Hospitality Industry Embraces Employees with Intellectual Disabilities

“Inclusion Drives Innovation” is the theme of National Disability Employment Awareness Month (NDEAM), which is honored in October and has existed in some form since 1945.

“Each day, millions of Americans with disabilities go to work and know firsthand the independence, pride and sense of community that comes with a job,” said U.S. Secretary of Labor Alexander Acosta in a press release. “Their daily contributions are proof that inclusion helps drive American innovation.”

NDEAM is promoted by the U.S. Department of Labor’s Office of Disability Employment Policy.

Many organizations pitch in to help during NDEAM. Best Buddies International, a Miami-based nonprofit organization founded by Anthony K. Shriver in 1989, has expanded to worldwide outreach in more than 50 countries. Shriver and Jim Murren, chairman and CEO of MGM Resorts International, “put their heads together…about their desire to really embrace inclusion,” Dominique Ianni, director of operations for Best Buddies Nevada, told Smart Meetings.

MGM Resorts International joined forces with the Best Buddies Jobs program in Nevada in 2014 to employ individuals with intellectual disabilities, such as Down syndrome, autism, cerebral palsy and traumatic brain injury.

Ianni says this initiative seeks to provide opportunities for this population of people to make competitive wages with benefits, and squash the perception that they are only capable of being “grocery baggers.” Ianni says that they work in spas as receptionists or attendants, and as front desk ambassadors and gym attendants, as well as in the pool and culinary areas. 

“[We’ve also] been looking at positions in their accounting department,” she said.

One success story is that of Paul Brooks, who works as a gym attendant at Bellagio Resorts and Casino. He is very forward-facing with the guests and helps with the towels. At the 2016 Best Buddies International Leadership Conference, he was honored with the Jobs Program Participant of the Year Award for his stellar service. Ianni calls him “one of our shining stars.”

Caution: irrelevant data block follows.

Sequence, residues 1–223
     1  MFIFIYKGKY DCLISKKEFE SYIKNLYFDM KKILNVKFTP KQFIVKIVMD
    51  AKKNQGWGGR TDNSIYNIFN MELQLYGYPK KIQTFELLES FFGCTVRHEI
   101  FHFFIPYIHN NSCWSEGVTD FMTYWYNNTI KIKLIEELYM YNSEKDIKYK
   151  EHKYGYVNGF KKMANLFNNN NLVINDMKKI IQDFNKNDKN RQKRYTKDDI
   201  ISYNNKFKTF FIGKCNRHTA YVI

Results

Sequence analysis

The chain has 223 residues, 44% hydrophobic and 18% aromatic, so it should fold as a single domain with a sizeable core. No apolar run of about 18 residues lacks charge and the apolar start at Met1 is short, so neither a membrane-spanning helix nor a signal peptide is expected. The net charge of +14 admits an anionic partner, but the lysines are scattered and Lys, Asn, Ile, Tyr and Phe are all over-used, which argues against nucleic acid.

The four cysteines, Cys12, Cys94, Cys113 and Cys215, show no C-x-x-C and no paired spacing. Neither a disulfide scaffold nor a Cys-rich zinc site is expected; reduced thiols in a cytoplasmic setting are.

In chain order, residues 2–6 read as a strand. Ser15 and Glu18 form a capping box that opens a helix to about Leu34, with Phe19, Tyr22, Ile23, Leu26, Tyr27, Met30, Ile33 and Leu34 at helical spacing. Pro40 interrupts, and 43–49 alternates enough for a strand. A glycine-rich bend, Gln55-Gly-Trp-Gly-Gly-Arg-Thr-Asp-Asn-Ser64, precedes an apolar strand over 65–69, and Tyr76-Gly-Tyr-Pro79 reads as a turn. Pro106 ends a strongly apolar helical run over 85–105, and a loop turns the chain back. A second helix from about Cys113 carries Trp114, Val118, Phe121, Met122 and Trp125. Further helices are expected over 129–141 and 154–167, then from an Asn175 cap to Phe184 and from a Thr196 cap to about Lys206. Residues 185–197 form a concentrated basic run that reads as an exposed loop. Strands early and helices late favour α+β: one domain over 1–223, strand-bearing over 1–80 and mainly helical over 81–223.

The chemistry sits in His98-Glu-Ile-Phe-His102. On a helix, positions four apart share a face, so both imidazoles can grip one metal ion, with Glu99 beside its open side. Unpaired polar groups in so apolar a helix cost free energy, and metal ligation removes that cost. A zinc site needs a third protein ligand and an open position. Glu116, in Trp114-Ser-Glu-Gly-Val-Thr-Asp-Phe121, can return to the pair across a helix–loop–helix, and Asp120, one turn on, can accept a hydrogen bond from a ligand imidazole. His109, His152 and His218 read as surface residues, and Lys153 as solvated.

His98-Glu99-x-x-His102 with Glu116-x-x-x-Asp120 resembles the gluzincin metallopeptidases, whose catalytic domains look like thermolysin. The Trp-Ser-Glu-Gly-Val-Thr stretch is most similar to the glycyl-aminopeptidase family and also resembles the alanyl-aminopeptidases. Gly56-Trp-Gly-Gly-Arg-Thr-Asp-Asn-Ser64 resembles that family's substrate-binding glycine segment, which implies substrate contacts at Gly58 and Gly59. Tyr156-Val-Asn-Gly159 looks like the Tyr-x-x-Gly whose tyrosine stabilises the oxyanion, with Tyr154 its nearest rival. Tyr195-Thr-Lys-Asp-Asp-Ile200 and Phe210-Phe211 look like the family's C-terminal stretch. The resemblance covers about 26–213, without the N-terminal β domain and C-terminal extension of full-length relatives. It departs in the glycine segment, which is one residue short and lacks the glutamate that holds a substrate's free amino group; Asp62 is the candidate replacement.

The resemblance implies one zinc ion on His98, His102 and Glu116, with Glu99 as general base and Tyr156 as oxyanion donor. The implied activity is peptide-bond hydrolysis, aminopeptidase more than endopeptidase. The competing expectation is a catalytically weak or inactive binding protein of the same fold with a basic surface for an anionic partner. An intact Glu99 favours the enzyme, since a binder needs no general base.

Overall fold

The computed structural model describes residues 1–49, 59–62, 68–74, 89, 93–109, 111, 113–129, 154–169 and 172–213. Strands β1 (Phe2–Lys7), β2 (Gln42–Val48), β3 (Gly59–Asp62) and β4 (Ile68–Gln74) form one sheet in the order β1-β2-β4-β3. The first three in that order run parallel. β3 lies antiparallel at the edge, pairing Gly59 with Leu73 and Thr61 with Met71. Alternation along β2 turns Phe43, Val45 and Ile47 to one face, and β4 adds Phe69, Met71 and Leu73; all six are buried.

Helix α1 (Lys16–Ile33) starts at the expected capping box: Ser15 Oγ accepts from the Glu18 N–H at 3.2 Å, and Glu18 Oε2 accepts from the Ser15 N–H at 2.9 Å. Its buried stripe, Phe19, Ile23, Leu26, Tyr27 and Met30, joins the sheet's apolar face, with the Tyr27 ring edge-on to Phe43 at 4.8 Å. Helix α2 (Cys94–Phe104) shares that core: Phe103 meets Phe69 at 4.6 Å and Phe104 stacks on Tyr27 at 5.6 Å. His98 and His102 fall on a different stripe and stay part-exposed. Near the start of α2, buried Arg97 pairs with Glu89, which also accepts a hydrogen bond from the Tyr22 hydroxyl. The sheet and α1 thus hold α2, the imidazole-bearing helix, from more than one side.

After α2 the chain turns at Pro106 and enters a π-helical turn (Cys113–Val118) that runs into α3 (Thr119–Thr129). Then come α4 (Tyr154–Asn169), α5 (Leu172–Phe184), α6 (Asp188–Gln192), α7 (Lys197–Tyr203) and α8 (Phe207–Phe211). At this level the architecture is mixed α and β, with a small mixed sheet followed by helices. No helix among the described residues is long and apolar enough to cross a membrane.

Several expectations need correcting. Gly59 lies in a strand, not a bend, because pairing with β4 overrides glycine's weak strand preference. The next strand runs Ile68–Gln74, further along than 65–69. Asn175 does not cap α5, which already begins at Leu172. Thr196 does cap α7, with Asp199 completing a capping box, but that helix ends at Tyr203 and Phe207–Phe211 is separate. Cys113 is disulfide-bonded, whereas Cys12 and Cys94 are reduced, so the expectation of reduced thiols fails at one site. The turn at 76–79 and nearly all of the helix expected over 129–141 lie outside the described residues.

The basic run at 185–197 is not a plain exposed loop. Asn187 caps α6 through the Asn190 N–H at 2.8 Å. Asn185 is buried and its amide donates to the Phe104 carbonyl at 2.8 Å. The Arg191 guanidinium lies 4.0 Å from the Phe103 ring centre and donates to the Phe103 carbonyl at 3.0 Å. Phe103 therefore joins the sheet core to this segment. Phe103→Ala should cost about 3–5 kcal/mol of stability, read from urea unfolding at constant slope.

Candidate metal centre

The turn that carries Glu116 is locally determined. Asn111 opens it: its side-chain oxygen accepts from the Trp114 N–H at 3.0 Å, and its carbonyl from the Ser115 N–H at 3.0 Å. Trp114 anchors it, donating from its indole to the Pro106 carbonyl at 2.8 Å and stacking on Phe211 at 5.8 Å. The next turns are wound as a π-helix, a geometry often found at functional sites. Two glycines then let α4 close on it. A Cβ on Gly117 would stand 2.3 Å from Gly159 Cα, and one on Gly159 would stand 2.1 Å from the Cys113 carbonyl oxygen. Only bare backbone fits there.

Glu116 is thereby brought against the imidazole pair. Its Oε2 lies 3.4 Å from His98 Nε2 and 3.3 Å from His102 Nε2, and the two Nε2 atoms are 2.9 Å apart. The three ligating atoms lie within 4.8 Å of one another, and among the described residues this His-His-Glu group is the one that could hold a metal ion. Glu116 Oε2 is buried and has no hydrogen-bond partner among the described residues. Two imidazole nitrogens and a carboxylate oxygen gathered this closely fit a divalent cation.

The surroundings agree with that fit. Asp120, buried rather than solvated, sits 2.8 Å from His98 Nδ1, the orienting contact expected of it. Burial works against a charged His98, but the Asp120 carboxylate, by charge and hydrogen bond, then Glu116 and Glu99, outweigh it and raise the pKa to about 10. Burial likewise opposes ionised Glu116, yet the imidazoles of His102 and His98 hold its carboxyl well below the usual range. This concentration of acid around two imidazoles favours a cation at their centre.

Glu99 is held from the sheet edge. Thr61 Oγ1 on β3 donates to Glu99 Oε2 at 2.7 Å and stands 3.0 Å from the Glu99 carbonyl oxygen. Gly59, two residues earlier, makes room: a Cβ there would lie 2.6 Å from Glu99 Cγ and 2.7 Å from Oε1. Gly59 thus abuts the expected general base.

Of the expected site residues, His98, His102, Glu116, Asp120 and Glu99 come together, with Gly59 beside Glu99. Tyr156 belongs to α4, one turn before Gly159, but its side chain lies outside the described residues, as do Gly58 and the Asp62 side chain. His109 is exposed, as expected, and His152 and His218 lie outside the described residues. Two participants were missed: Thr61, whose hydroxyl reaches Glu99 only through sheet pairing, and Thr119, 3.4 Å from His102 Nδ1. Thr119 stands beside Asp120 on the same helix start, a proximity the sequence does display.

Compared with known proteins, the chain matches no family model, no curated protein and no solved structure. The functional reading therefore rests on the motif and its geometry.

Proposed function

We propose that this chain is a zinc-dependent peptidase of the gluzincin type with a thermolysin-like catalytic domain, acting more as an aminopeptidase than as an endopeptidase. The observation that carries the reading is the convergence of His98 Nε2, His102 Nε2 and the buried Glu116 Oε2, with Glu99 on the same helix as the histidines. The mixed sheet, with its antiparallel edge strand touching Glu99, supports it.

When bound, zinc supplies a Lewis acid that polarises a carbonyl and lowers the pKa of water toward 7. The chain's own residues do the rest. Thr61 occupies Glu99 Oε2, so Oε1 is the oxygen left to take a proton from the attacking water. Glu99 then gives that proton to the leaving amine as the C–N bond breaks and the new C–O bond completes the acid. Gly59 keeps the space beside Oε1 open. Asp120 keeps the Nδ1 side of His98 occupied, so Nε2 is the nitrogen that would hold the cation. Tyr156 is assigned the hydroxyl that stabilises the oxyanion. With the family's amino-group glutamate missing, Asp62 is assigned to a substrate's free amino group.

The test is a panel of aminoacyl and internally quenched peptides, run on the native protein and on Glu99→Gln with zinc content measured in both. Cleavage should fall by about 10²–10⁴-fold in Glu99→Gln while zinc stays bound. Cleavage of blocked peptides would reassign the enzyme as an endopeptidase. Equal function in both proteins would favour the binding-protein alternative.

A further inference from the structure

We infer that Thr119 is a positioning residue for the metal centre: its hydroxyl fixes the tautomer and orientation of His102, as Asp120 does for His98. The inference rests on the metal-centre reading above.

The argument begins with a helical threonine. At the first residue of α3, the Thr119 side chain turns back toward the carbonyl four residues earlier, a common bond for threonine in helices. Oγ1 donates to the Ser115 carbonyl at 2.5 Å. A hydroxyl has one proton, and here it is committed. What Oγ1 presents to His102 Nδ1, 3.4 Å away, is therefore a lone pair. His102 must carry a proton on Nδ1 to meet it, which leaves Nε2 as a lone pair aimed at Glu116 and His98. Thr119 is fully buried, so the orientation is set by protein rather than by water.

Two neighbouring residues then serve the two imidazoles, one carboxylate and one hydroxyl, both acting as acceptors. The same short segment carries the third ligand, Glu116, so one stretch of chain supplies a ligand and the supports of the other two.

“Our partnership with Best Buddies Nevada helps promote a more diverse and inclusive workplace and allows individuals like Paul Brooks to showcase their incredible talents and abilities,” said Shelley Gitomer, vice president of philanthropy and community engagement for MGM Resorts International.

Across the country in Leesburg, Virginia, The National Conference Center paired up with Loudoun County Public School System and the nonprofit organization Didlake for a similar program, Project Search, to help people with intellectual delays transition from high school to the real world. Participants take part in a 10-month internship to learn various areas of hospitality through classes and hands-on training. 

“We placed our nine interns in a variety of departments, including culinary, engineering, housekeeping, audiovisual, grounds and event services,” said Geoff Lawson, vice president and general manager for The National, regarding the program’s first graduating class in June. Three of the participants were hired by the conference center upon completion of their internships and a new group of students are currently enrolled in training.

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